The findings further stir climate activists’ greenwashing claims against oil and gas companies. They have expressed concerns about fossil fuel companies prioritizing profit extraction over environmental preservation, reinforcing the perception of greenwashing.

In another analysis, the COP28 draft dropped mention of fossil fuel phase out. It instead advances the ramping up of renewable energy and efficiency measures. Campaigners stated that governments must do something urgent and concrete to phase out fossil fuels.

READ MORE: COP28 Draft Drops Mention of Fossil Fuel Phase Out, Advances Renewables

Concerns were raised about the portion of the industry’s emissions reduction commitments compared to the environmental impact of their products. A climate campaigner, Cara Jenkinson, Cities Manager at Ashden, remarked that: 

“The only way to slash emissions from usage of oil and gas is to cut demand – governments across the world must speed up their electrification plans, with poorer nations being supported to bypass fossil fuel vehicles and ramp up clean renewable energy production.” 

Responding to the concern, a spokesperson from Shell said that:

“While Shell’s targets are more comprehensive and ambitious than the Charter requirements, for example with carbon intensity targets that also cover the use of our energy products, we want to share our experience and learn as others in the industry move further along their journeys too.”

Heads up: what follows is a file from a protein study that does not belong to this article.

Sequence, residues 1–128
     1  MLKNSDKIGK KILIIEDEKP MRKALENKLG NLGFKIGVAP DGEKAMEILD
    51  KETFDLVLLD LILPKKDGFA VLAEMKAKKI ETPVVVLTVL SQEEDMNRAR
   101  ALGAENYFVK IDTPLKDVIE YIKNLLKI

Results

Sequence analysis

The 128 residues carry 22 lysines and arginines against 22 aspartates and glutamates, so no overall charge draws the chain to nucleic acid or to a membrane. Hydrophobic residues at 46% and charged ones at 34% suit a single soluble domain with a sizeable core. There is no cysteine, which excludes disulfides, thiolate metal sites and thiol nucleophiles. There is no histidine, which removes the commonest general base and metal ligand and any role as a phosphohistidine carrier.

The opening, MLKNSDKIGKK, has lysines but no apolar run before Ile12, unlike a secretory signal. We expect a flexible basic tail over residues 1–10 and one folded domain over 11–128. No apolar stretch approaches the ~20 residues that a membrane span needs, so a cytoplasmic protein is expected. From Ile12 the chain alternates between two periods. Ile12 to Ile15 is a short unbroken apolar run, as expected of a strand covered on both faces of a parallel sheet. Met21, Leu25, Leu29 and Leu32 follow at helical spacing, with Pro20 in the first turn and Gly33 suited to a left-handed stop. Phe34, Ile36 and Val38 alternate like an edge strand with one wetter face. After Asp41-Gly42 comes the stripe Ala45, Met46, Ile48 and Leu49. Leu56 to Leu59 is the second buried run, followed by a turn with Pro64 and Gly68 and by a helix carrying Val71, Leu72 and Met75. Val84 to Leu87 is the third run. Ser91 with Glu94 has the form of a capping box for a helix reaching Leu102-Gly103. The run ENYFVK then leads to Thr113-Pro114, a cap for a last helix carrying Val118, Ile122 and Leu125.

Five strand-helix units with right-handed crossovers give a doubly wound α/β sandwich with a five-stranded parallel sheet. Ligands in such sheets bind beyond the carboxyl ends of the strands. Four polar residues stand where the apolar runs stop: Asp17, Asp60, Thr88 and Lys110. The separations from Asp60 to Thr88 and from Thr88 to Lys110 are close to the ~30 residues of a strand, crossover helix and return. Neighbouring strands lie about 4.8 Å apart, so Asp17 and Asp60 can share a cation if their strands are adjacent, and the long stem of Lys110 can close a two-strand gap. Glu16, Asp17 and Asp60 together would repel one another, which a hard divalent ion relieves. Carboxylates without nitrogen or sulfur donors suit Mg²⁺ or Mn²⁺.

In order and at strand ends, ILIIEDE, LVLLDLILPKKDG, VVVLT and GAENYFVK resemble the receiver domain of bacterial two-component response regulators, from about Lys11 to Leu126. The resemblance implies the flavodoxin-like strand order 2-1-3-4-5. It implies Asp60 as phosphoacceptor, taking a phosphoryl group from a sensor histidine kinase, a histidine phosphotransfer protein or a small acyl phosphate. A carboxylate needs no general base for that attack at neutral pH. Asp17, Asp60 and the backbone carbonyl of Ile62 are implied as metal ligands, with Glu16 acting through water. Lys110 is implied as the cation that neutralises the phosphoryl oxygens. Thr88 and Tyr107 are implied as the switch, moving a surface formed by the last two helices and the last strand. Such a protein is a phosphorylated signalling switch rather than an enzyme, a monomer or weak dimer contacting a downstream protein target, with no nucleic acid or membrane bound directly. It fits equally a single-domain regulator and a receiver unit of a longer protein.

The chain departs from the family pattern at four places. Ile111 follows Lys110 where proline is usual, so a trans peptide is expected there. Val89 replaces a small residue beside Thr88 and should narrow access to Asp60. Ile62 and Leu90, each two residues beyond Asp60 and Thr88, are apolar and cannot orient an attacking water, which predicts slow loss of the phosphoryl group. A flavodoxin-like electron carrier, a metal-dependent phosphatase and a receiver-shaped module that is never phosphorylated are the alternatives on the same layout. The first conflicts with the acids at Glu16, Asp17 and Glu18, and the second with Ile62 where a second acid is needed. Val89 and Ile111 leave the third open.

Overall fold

In the shadow of climate commitments at COP28, the analysis by Global Witness reveals a stark reality – oil and gas companies are to burn through 62% of the remaining carbon budget. The results raise critical questions about the industry’s true environmental costs. 

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Carbon Market Chronicles: 2023 Unveiled and 2024’s Inflection Points

The voluntary carbon market (VCM) witnessed both considerable progress and significant hurdles in 2023 as reviewed by the MSCI Carbon Markets in its recent webinar. 

The review includes key developments from 2023 and the potential inflection points to watch out for in 2024. Notably, the findings show that 2023 has the lowest number of credits issued in 3 years. In contrast, the year ended with a record number of monthly retirements. 

Here’s a recap of the webinar, focusing on carbon credit issuances and retirements, demand, key market players, investment, major policy developments, and 2024 outlook.

Peaks, Valleys, and 2023’s Record Retirements

In 2023, credit issuances recorded the lowest annual total in 3 years after falling 25% year-on-year, as seen below. This slow down in supply was largely due to Nature-based and renewable energy projects issuing their lowest annual amounts in 5 and 4 years, respectively. 

On the other hand, energy efficiency projects were the only major type to increase credit supply. It doubled in 2022 volumes, primarily driven by cook stove projects. 

The MSCI report saw retirements rallied in Q4 2023, the second highest quarter on record. And that’s despite the slow down in corporate activity in mid-year. This momentum seems to have been carried into January this year.